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Hi everyone. Thanks for looking. I know we're inundated with Mars pictures at the moment but I've not seen buckets of time-lapse and this marks a significant personal best for me so I really wanted to share it. I've not had seeing this good for a long time, especially with a planet this high above the horizon (I'm looking at you Jupiter & Saturn.....).
Only 12 frames spread across ~1 hour, but nice to see some movement. One single still as a bonus too
Edit to add acquisition & processing:
Skywatcher Skyliner 200P reflector (off my dobsonian), 1200 mm, unbranded 3x barlow for 3600 focal length, f/18 Skywatcher NEQ6 Pro mount ZWO ASI120MC-S - gain 33, 20 ms exposure, 2000 frames per video
Each video recorded with 5 minute spacing. 12 recorded in total. Stacked in Autostakkert 3, best 30% of frames. Wavelets, colour balance, and tweaks in Registax 6. GIF assembled in Photoshop with a few final contrast and levels tweaks.
I'm Jonny and I live in Farnborough in Hampshire, UK.
My friend and I are taking our first baby-steps into night sky photography so I'm here for all the help I can get.
We're just starting out so our equipment is very basic, but I'm sure the more we get into this the more we will upgrade over time.
Currently our set up consists of:
Home-made Motorised Barn Door Tracker (my friend is an engineer)
Canon 1100D with an 18-55mm Lens
Laptop with BackyardEOS
We took everything out for it's first test-drive last week and the tracker works really well. Even on very long exposures the stars remain as points and not trails so we were really pleased with how it performed.
I've attached what was probably our most successful picture of the evening. It' not amazing, but it's a start.
I would really love to get some photos of the Milky Way and I'm hoping you all could suggest some settings to use, imaging techniques to try out and equipment upgrades? We're on a bit of a budget but we have photographer friends from whom we can beg and borrow equipment.
Looking forward to chatting with you all in time.
I reside in the central great plains of the United States, and recently our west coast has been set on fire by rioters and arsonists due to civil unrest.
The smoke from these residential homes and forests burning, is delivered high into the atmosphere where it hit the jetstream and has traveled well over 1000 miles to blanket my sky.
While i can still take some images, it has greatly reduced my session quality at 393nm. Naturally the smoke properties absorbes or reflects much of this wavelength. The sun is very white in the sky in fact, white as a cotton ball in some areas.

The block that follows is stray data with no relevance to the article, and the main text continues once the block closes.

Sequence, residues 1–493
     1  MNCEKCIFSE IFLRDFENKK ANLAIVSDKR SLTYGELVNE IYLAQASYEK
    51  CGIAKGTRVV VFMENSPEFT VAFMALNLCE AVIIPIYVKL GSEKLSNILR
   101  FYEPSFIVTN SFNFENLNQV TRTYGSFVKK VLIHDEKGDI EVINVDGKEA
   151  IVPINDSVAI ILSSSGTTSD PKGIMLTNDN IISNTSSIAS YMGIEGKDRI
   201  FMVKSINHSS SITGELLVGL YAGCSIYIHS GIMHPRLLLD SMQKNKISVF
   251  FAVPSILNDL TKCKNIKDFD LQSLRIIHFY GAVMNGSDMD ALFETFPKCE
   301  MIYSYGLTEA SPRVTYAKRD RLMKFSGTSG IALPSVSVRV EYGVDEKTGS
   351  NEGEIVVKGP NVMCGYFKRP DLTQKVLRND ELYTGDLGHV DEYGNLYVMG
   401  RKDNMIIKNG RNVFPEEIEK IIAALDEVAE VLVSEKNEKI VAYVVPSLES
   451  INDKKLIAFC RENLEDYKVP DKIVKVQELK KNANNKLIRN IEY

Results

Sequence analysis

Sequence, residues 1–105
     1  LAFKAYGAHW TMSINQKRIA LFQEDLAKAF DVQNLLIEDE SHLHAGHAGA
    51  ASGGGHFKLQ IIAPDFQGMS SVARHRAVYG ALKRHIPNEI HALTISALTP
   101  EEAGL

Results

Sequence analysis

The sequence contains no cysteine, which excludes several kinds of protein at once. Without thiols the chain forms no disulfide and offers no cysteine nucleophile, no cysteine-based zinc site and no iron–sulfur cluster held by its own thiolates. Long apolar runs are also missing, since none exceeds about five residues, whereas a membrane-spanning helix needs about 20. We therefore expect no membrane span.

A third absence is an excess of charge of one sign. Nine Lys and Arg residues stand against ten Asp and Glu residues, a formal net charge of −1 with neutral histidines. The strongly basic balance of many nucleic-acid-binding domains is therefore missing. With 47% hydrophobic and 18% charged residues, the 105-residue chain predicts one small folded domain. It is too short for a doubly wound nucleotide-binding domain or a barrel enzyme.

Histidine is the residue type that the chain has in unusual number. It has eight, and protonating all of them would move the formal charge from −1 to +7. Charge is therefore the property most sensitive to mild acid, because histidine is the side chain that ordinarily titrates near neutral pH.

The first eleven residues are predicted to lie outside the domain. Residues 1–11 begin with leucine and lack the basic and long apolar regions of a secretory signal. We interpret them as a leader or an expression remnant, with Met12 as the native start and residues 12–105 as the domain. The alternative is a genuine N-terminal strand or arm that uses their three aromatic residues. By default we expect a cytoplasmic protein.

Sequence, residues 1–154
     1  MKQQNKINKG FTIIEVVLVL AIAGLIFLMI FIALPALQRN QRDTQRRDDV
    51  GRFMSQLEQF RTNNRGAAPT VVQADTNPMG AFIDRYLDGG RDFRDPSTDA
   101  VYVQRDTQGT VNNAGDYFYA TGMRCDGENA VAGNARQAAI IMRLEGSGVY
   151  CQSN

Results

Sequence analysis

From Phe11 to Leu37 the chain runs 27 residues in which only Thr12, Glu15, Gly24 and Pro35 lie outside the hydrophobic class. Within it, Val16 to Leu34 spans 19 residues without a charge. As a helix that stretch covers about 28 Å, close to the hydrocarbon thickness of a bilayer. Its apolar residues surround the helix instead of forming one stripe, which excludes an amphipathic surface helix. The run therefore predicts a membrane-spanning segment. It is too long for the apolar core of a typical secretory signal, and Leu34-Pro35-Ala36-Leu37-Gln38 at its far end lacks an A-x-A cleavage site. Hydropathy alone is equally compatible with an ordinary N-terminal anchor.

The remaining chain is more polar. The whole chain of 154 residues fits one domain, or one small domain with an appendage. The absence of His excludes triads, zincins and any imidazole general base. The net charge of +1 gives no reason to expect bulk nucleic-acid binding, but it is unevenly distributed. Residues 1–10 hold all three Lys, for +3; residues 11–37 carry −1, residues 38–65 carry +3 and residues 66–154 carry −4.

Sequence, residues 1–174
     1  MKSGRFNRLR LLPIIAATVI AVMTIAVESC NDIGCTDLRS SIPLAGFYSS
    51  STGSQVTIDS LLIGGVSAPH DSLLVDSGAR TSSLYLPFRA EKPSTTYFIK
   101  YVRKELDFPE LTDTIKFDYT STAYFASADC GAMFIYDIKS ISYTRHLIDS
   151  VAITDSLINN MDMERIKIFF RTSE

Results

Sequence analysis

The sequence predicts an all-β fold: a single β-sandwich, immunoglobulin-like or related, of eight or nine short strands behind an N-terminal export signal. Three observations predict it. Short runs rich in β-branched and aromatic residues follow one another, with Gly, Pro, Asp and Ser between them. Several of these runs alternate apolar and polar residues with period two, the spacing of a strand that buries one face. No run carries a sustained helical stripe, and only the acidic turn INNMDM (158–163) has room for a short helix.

However, i am vigilant in my attempt to capture something out of the new active region. Please be patient while this data is processed.
First we have a look here at the paris meudon bass2000 spectroheliograph , which records its daily calcium k3 core full disc. I have added an arrow to the tiny area that my scope is focused on at about 2400mm..
Full image disc citing goes to paris meudon observatory, with corresponding link to the wonderful and most vital French institution. http://bass2000.obspm.fr/home.php
Next from my telescope, operting with an explore scientific Firstlight 127mm x 1200mm achromat. In the focuser is a Skybender tilt module with some calcium filters supplied by Apollo Lasky. I am using a Meade 2x telenegative barlow in the eyepiece of the skybender, and a basler aca1920-155um cmos camera for recording.
Look at those calcium ribbon's! This is a rare capture, seldom seen since cycle 24, a decade ago.
Newbie to the forum but I just wanted to share some shots with you that I managed to get over the weekend. Got the Milky Way and even a few of NEOWISE which was amazing to witness 😊
Milky Way - 5 x 20 seconds stacked (not tracked), 11mm, F/2.8, ISO 800
NEOWISE Landscape shot - Single exposure, 8 seconds, 16mm, F/2.8, ISO 800
NEOWISE Stack 1 - 2 x 10 seconds, 16mm, F/2.8, ISO 800
NEOWISE Stack 2 - 2 x 13 seconds, 55mm, F/5.6, ISO 1600
For a first real attempt, I'm pretty pleased with them but obviously, I have a lot more to learn!
Last week I recorded a calcium limb surge. Later that night I discovered another user in the world on astrobin (Warren Spreng) who had captured the same event in hydrogen alpha at nearly the same focal length. The was an incredibly rare occurrence.
I merged our two captures together, and this is the result. Red is the hydrogen alpha data, blue is the calcium data.
I do believe this has a "one in a billion" capture odds, and few(if any) amateurs have ever been able to share and merge this type of time-lapse data.